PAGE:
A year ago I was sent a home testing kit which measured my levels of Omega 3 and 6. I was surprised to find, when I received the results, that my Omega 3 was low. Since I eat my two portions of oily fish most weeks I had thought my Omega 3 would be at a satisfactory level. As it happens my levels are not that unusual in that Omega 6 is generally eaten in adequate portions in Western diets (poultry, grains, vegetable oil, nuts) whereas Omega 3 is not. (You can read more about Omega 3 and 6 in my blog post from April 2014 http://fromthehealthyheart.com/?s=something+fishy)

I was therefore interested to be invited to attend a talk last week on heart health which promoted the use of Omega 3 supplements. Now I am not someone who likes taking supplements, or any pills for that matter. I far prefer to try to eat a balanced diet and get what my body needs that way. However, I do recognise the role that supplements can play to top up levels or to provide nutrients that may be missing. Vegetarians need to eat flaxseeds, soybeans and tofu to get their share of Omega 3, although you need to eat heaps of flaxseed I would have thought to make up for a fillet of fish.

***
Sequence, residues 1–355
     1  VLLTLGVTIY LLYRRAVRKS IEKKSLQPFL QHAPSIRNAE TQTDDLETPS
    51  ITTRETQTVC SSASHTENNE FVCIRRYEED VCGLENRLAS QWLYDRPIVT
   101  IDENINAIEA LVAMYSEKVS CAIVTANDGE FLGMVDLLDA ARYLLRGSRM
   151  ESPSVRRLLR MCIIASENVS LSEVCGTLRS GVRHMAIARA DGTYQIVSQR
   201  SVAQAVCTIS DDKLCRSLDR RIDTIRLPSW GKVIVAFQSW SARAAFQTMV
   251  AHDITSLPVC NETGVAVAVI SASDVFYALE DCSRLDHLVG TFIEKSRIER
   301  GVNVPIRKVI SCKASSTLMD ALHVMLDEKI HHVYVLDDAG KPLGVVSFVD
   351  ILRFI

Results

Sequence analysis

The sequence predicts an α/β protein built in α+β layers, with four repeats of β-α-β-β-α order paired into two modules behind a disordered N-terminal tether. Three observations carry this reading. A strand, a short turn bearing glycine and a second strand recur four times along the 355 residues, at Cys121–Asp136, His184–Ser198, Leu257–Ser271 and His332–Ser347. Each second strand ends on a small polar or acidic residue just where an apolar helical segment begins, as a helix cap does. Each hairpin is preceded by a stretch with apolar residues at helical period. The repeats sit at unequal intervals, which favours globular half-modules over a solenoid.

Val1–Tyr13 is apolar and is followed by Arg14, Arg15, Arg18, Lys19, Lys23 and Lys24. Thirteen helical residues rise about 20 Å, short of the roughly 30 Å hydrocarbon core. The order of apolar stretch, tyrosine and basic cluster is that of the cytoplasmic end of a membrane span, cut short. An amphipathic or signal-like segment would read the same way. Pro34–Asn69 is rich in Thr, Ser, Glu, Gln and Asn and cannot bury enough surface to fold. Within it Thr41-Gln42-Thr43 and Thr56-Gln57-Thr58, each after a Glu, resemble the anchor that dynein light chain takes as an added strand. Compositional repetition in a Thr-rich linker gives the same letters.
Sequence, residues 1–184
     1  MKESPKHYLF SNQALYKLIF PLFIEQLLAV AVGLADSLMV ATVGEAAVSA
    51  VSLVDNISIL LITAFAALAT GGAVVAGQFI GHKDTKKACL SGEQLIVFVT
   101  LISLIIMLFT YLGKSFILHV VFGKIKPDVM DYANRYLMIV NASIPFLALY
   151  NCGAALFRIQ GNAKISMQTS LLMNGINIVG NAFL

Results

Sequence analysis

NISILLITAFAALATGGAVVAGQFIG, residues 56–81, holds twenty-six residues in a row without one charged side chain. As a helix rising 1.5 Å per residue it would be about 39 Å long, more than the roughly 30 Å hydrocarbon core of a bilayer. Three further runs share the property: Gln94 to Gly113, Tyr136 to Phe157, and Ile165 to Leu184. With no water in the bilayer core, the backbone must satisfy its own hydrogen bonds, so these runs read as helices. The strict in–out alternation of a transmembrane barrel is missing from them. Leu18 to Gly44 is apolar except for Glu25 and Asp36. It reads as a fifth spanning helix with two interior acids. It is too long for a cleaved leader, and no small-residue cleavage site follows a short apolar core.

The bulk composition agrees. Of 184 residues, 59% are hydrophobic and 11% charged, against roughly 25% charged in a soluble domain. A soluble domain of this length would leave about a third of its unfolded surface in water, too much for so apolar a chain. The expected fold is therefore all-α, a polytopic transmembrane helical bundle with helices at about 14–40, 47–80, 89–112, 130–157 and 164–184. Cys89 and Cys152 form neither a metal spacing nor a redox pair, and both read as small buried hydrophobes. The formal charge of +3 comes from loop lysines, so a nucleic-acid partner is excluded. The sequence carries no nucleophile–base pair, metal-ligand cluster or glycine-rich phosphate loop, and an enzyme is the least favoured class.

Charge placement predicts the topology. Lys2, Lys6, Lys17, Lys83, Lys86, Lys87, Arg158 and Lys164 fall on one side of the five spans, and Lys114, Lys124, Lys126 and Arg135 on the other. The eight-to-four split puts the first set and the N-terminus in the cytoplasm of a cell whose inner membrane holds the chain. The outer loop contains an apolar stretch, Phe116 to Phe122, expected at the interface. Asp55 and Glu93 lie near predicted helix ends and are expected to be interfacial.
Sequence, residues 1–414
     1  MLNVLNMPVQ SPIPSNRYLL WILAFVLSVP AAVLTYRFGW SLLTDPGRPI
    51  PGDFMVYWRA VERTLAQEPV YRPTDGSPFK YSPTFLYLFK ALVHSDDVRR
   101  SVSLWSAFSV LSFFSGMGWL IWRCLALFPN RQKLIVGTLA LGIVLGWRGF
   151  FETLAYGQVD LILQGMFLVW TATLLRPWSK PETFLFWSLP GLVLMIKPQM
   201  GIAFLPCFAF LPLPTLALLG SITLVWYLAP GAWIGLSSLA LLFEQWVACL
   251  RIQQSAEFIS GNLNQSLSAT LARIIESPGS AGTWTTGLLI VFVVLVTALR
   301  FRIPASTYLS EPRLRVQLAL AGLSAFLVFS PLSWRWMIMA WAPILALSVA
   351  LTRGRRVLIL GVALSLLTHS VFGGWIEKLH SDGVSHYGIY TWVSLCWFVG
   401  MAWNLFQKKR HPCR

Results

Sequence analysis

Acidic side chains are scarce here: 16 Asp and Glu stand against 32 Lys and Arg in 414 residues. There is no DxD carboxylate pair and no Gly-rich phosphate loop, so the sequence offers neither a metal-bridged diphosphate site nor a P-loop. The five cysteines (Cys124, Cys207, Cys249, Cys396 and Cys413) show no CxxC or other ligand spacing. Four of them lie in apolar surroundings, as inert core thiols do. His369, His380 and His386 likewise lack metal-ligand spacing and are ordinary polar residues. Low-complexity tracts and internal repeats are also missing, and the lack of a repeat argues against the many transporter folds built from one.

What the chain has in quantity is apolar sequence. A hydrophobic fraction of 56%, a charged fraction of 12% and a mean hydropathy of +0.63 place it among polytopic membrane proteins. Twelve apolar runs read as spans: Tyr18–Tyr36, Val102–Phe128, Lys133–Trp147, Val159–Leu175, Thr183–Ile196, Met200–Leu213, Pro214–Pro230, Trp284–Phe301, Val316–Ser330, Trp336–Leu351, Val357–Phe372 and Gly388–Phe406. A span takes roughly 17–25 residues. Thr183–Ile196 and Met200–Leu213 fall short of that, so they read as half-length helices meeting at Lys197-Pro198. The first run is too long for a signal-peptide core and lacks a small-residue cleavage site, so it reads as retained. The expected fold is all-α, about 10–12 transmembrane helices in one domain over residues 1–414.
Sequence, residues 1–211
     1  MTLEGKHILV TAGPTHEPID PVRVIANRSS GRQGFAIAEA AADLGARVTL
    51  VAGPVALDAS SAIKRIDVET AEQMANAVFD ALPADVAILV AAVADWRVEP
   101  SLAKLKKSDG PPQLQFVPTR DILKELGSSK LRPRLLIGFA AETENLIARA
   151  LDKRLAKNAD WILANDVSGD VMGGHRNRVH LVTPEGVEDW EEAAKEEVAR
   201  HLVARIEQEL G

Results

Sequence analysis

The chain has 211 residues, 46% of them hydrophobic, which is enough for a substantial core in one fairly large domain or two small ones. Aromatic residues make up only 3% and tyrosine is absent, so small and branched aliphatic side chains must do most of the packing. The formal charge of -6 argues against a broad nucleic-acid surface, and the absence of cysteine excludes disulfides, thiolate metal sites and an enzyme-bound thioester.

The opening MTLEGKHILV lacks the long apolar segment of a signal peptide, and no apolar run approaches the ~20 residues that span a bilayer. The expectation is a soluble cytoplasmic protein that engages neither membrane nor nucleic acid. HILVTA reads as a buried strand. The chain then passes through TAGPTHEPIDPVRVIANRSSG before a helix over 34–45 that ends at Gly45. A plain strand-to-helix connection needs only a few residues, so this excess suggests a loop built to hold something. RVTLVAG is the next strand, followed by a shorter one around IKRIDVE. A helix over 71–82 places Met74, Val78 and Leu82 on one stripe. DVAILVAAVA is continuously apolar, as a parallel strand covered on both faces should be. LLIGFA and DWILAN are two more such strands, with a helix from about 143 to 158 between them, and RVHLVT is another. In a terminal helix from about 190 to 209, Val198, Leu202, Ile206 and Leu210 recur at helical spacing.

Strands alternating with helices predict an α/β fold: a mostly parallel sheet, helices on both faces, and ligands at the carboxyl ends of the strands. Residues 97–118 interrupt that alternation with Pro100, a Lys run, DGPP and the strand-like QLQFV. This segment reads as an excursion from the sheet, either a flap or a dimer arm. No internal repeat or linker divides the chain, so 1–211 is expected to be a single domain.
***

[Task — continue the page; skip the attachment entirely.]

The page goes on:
Omega 3 is a very healthy fat known as an essential fatty acid. There are two of these that are vital for our health – EPA and DHA – and these are mainly found in oily fish. A third one – ALA (alpha linolenic acid) is found in seeds and nuts.

Omega 3 is mostly derived from algae and phytoplankton. The reason that oily fish provide us with Omega 3 is because they eat the algae and plankton.